By Jack Rico
The 1-4-0: #RogueOne is not a better film experience than #TheForceAwakens, but it is a solid sci-fi, action film that provides high entertainment value and some nostalgic “cameos” for old-school fans.
The Gist: The Rebel Alliance recruits Jyn Erso (Felicity Jones) to work with a team including Cassian Andor (Diego Luna) to steal the design schematics of the Empire’s Death Star and to hand it over to Princess Leia which sets off the story line of the 77 classic, A New Hope. For those of you wondering where this film fits in the Star Wars Universe, you can call this Star Wars Part 3.5. It fits between Part III (Star Wars: Revenge of the Sith) and Part IV (Star Wars: A New Hope). It is actually a sort of stand alone prequel to Part IV.
What Works: The diverse cast of Asian, Black, Pakistani, Latino and female characters. With Star Wars mainly being a white universe, seeing a culturally diverse cast leading a chapter in the franchise is nothing more than revolutionary. Though we have seen creator George Lucas play with the idea in the prequel trilogy, I had never expected anything like this. Kudos to J.J. Abrams and team for believing that, much like the Broadway musical Hamilton, you can create a blockbuster film with a rich and inclusionary cast and have it be successful. The latest box-office numbers have it opening between $250M to $300M dollars on opening weekend.
Within this new 2016 global framework, the real star of Rogue One is not Felicity Jones, but Mexican actor Diego Luna, who plays Cassian Andor. He’s the one who shines the brightest throughout the whole film. I would equate him to when we first saw Han Solo. There is a macho, sex appeal that oozes off of him on screen. He also receives an incredible amount of screen time too, much more than I anticipated. You have to remember, Latino actors have never really been afforded opportunities to shine in Hollywood blockbuster formats for fear Latinos cannot carry mainstream movies. So for Luna, a mostly known indie Mexican actor, with only one supporting role credit to his name in a high-budget film called Elysium, this is quite a welcome surprise. It will be interesting to see where his career heads from here. Perhaps becoming the first Latino Hollywood action star?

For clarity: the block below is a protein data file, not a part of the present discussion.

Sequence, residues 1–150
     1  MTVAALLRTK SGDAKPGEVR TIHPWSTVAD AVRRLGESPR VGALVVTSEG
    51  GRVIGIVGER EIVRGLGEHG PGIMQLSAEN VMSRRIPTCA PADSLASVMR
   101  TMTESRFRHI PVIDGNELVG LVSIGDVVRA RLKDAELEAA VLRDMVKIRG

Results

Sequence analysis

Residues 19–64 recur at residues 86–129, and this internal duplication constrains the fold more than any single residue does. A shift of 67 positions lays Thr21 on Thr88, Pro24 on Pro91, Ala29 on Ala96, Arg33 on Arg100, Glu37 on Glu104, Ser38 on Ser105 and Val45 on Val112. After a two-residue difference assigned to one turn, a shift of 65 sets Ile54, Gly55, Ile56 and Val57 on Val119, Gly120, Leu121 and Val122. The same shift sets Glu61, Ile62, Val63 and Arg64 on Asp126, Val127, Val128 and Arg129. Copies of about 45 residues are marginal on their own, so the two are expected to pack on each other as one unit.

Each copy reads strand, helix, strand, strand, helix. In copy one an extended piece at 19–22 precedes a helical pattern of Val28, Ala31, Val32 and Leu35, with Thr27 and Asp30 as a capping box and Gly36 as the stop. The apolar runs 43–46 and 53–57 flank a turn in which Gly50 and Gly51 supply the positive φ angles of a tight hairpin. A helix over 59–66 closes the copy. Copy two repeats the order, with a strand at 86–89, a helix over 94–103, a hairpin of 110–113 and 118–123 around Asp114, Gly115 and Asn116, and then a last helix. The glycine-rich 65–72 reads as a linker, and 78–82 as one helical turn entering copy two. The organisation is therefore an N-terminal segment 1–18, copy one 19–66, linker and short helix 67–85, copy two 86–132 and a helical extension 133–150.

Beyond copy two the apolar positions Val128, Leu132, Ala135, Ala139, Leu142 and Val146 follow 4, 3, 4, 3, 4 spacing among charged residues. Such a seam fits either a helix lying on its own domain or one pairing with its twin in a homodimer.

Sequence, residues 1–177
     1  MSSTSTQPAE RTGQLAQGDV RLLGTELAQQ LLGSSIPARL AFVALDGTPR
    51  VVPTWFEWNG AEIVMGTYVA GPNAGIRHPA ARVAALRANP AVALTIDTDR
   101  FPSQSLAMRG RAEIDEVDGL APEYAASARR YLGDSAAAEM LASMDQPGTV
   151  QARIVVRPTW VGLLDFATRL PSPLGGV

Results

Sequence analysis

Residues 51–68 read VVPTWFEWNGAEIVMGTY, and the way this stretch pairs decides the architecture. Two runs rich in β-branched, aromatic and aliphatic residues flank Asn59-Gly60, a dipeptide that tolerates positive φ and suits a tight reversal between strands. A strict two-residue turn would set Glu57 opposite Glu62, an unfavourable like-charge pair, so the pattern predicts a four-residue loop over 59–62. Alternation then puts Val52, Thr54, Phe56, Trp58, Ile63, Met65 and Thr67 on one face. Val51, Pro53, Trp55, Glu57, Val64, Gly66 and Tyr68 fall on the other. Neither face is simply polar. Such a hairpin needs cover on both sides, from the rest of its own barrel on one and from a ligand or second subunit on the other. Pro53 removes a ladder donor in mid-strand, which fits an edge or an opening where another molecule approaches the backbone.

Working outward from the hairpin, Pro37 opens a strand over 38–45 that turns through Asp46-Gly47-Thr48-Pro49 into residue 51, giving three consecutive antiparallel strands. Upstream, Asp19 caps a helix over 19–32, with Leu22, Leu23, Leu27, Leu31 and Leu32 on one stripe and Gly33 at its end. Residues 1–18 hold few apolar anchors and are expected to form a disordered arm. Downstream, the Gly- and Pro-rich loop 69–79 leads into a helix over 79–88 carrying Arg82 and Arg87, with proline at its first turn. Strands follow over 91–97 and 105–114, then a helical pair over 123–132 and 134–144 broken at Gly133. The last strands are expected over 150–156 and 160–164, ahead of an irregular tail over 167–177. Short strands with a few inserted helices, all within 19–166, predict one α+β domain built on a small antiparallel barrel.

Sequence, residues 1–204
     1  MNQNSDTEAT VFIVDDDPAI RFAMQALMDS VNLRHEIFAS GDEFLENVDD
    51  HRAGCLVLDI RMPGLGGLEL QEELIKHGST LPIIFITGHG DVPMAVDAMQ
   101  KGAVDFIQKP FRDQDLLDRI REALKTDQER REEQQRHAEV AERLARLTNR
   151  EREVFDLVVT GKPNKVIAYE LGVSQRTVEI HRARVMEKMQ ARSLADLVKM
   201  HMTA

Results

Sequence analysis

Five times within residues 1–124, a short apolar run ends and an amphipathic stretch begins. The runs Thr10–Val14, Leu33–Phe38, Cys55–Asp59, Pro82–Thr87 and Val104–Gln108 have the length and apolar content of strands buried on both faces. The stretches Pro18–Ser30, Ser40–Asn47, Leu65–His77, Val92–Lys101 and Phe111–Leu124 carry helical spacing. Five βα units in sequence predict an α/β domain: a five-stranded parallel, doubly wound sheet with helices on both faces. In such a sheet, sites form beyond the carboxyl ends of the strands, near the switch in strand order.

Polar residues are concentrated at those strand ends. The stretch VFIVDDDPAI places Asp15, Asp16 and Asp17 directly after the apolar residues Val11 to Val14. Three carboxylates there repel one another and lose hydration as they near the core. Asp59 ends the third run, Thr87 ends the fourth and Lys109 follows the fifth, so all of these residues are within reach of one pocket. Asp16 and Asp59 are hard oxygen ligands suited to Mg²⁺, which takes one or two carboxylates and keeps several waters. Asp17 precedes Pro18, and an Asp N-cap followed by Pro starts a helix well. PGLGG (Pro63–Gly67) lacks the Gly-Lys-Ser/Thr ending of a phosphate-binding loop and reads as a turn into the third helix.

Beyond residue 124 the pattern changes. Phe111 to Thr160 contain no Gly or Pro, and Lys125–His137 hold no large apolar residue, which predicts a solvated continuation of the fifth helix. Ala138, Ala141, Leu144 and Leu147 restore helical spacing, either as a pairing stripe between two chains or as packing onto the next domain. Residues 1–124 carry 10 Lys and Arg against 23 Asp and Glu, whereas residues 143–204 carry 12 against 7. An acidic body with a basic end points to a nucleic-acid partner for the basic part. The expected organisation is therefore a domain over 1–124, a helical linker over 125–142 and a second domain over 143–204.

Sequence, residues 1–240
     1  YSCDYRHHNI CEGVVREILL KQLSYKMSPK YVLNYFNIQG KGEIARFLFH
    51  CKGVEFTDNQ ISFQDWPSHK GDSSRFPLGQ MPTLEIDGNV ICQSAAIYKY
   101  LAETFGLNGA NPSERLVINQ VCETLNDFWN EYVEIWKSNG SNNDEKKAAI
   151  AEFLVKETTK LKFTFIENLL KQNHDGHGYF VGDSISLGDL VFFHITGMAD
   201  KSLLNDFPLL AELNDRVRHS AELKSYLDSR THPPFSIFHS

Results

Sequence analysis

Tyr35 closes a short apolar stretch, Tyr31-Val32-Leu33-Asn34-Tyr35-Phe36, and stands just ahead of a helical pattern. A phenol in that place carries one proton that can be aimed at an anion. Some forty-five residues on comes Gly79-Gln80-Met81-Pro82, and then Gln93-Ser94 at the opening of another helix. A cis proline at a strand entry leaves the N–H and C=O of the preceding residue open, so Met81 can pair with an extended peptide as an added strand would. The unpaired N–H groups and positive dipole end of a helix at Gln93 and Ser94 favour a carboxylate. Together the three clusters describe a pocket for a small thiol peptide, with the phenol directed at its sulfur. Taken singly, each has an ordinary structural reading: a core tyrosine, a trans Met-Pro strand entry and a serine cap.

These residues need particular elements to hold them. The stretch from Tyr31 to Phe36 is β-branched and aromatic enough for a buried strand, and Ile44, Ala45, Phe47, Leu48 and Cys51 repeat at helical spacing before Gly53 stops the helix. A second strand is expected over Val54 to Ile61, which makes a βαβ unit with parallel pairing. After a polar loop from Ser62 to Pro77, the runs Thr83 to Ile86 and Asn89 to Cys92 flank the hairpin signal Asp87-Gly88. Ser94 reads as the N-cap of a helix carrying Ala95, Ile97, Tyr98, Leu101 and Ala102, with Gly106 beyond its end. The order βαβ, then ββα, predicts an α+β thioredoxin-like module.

What Doesn’t Work: Felicity Jones. She is the film’s weakest link and it always seemed like that from the trailers. She has no charisma, no magic, she doesn’t pop from the screen like say Daisy Ridley did in Star Wars: The Force Awakens. Every line she delivered seemed dull, lacking depth and engaging emotion. She added no imagination whatsoever to her role. I believe she was miscast. Could it be that her physical allure was enough to convince producers she could carry an iconic franchise film?
Pay or Nay: I say pay. From the striking set designs, the diverse cast and the cameos surprises from classic characters, Rogue One is an enjoyable standalone film (meaning this movie won’t have a sequel due to its ending) that anyone can enjoy. It is not better than the nostalgia The Force Awakens delivered, but at this point, any Disney produced Star Wars film will be of excellent fanfare quality.